This multiplier is shown against each GL Account in the DimAccounts table (it is important to have it at this level rather than the Account header level because both Revenue and Expenses can have positive and negative GL’s underneath them):
To bring this into our measure we can’t just refer to the Sign column. The Measure
Total Amount Wrong = SUM(FinanceData[AmountUSD])*DimAccounts[Sign]
won’t work because it contains a naked reference to the Sign column; it needs to be contained in an aggregation function such as Sum or Average. In this case, however, aggregating the sign across multiple GLs makes no sense. Instead we need to perform the calculation on a row by row basis and sum the final result. We can do this either using an iterator function (SUMX) or by use of a calculated column.
Using SUMX the measure:
Total Amount With Sign Correct = SUMX(FinanceData,FinanceData[AmountUSD]*RELATED(DimAccounts[Sign]))
would work. As a calculated column we could add a column:
Amount With Sign = FinanceData[AmountUSD]*RELATED(DimAccounts[Sign])
And then have a measure that sums values in this new column:
Total Amount With Sign = SUM(FinanceData[Amount With Sign])
Of course, the value returned by this measure doesn’t make any sense by itself – it sums all types of values (e.g. budget and actual) together. For a meaningful number, we will need to calculate Actuals and Budget which we will do in the next step.
One of the main benefits of Power BI is the ability to create measures with filter logic embedded in the calculation which allows us to create metrics that are more complex than simple aggregations. An example is where we want to show a growth value since last year. In Excel we would only be able to calculate this row by row on a transactional level and perhaps average the result, though with Power BI (or PowerPivot in Excel) we can create base measures for Actuals and PY Actuals and then a third measure which calculates the growth percentage; we can then show just the growth percentage, e.g. by customer, without having to show all the underlying measures.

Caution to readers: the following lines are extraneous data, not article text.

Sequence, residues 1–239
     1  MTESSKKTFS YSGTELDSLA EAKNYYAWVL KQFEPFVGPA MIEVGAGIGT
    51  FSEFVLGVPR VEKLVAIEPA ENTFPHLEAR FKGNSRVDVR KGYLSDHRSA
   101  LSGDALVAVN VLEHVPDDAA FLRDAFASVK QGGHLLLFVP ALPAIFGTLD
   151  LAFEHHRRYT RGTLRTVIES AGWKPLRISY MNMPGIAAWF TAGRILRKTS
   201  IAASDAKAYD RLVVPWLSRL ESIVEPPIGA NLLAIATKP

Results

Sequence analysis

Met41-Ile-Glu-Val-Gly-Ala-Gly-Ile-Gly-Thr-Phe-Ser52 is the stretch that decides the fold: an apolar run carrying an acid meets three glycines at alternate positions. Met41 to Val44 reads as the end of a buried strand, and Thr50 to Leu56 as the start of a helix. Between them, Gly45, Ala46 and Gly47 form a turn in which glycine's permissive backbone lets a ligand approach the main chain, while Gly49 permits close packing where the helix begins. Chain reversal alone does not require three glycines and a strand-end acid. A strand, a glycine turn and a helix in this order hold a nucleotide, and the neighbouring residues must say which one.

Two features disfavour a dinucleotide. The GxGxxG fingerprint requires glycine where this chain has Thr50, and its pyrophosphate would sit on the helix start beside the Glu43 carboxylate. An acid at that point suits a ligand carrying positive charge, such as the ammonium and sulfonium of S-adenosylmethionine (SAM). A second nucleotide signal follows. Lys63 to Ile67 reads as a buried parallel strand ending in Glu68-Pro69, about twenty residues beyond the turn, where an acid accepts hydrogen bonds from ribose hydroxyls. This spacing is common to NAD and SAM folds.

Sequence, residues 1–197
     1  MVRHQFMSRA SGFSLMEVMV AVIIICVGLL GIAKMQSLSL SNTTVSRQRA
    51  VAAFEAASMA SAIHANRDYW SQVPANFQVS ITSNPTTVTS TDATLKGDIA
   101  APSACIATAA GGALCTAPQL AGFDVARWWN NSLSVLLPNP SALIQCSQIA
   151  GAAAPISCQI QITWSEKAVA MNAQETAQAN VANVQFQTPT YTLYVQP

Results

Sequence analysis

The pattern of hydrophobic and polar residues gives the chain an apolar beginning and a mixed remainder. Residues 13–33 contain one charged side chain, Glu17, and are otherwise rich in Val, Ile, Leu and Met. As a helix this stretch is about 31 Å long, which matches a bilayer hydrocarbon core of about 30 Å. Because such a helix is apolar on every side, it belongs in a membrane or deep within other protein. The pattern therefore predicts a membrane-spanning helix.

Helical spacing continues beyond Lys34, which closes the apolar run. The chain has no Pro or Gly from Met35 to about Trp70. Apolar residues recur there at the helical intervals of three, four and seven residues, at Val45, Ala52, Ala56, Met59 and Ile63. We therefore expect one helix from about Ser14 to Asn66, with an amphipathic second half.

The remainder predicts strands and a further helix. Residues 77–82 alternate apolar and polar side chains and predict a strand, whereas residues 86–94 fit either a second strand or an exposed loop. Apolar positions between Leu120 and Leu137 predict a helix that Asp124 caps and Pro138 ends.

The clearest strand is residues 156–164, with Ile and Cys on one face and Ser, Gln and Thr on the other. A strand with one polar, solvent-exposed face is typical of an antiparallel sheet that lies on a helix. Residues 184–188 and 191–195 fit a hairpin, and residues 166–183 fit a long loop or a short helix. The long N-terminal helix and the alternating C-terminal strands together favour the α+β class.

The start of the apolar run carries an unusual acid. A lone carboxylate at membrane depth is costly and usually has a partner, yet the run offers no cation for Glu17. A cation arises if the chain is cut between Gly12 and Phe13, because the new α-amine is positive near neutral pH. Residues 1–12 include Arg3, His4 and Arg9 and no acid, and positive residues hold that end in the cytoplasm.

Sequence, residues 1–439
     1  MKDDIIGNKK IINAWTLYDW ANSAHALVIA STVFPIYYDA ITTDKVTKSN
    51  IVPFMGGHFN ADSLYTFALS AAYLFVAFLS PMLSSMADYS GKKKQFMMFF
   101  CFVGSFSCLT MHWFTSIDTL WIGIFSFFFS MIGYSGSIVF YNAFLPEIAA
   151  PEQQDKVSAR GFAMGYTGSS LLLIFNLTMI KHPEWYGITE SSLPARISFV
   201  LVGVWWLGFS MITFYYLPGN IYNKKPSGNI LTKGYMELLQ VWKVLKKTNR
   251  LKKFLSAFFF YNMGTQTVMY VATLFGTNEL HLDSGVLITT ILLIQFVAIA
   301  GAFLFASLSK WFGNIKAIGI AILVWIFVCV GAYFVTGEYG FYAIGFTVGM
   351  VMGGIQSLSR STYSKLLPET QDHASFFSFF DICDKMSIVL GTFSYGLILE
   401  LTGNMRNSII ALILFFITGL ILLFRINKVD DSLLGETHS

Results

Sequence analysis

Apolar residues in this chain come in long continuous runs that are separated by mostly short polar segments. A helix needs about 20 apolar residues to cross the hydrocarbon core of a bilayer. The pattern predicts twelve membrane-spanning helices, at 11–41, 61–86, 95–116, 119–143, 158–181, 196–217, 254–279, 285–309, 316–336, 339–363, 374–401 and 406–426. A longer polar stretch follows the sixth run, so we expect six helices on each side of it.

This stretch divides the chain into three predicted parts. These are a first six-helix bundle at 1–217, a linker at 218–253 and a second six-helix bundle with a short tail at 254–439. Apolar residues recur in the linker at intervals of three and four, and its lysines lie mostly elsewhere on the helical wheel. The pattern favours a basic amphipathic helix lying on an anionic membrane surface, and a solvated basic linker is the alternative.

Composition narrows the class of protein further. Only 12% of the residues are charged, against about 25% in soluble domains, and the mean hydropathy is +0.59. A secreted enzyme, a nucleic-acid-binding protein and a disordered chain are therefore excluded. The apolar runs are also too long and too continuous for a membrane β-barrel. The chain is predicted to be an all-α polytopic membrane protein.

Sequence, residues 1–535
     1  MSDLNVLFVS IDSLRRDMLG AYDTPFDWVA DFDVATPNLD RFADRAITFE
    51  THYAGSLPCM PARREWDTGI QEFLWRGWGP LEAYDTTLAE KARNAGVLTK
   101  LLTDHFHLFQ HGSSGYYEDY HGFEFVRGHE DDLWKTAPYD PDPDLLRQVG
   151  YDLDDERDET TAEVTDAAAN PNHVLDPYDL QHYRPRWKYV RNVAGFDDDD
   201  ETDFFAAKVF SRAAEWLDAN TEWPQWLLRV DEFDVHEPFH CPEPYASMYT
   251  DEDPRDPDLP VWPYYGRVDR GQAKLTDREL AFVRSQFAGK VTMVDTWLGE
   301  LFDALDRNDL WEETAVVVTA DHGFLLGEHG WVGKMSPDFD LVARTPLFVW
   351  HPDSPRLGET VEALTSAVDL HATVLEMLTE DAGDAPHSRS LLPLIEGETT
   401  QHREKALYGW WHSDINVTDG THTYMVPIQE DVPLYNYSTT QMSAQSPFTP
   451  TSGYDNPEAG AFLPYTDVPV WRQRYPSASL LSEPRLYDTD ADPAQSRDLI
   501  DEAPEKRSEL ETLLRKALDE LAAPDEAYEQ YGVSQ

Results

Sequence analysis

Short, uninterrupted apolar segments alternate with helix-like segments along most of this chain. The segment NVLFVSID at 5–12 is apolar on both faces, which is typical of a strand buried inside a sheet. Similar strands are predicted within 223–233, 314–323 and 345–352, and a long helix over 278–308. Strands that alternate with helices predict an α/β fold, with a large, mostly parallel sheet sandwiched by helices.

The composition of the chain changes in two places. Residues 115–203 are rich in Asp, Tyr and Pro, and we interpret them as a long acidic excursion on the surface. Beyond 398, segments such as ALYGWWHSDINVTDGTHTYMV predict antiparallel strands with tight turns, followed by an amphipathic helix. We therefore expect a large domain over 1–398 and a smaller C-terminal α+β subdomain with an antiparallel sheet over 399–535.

The DAX function we use to create a measure with a filter condition specified within it is CALCULATE. For our base actuals measure we would write this as:
Actuals = CALCULATE([Total Amount With Sign],DimScenario[Scenario]="Actual")
This takes our Total Amount With Sign measure and evaluates it in the context where the value in the (related) Scenario table is set to ‘Actual’. This makes use of the relationship between the DimScenario and FinanceData tables – the filter applied on DimScenario (for the value of Actual) passes down via the ScenarioKey field into FinanceData.
We can then use this Actuals Measure as a base for other measures:
Actuals PY = CALCULATE([Actuals],SAMEPERIODLASTYEAR(DimDates[Date]))
Which takes the Actuals measure and evaluates it for the same period last year (Relative to whatever time period is on/applied to the axis of the chart we are looking at), and:
Actuals Variance to PY = [Actuals] - [Actuals PY]
Actuals Variance to PY = [Actuals] - [Actuals PY]
Actuals Annual Growth % = DIVIDE([Actuals Variance to PY],[Actuals PY])
We also need to format the Measures Actuals, Actuals PY, and Actuals Variance. This can be done by navigating to the relationships view window (the third one in the left panel), selecting “Actuals”, choose format “Custom” and enter in the Custom Format: "£"#,0;("£"#,0);"£"#,0. (Include all the speech marks). This will show numbers with a pound sign, a comma separator and negative numbers in brackets .
Repeat for “Actuals PY” & “Actuals Variance”.
-DimHeaders[Header] Sorted By Order
-DimDates[Month] sorted by MonthNum
- DimHeaders[Header]
- DimAccounts[SubHeader]
- DimAccounts[SubHeader2]
Apply the following formatting changes in the matrix:
The matrix visual should now look something like:
The PBIX should now look like that in the attached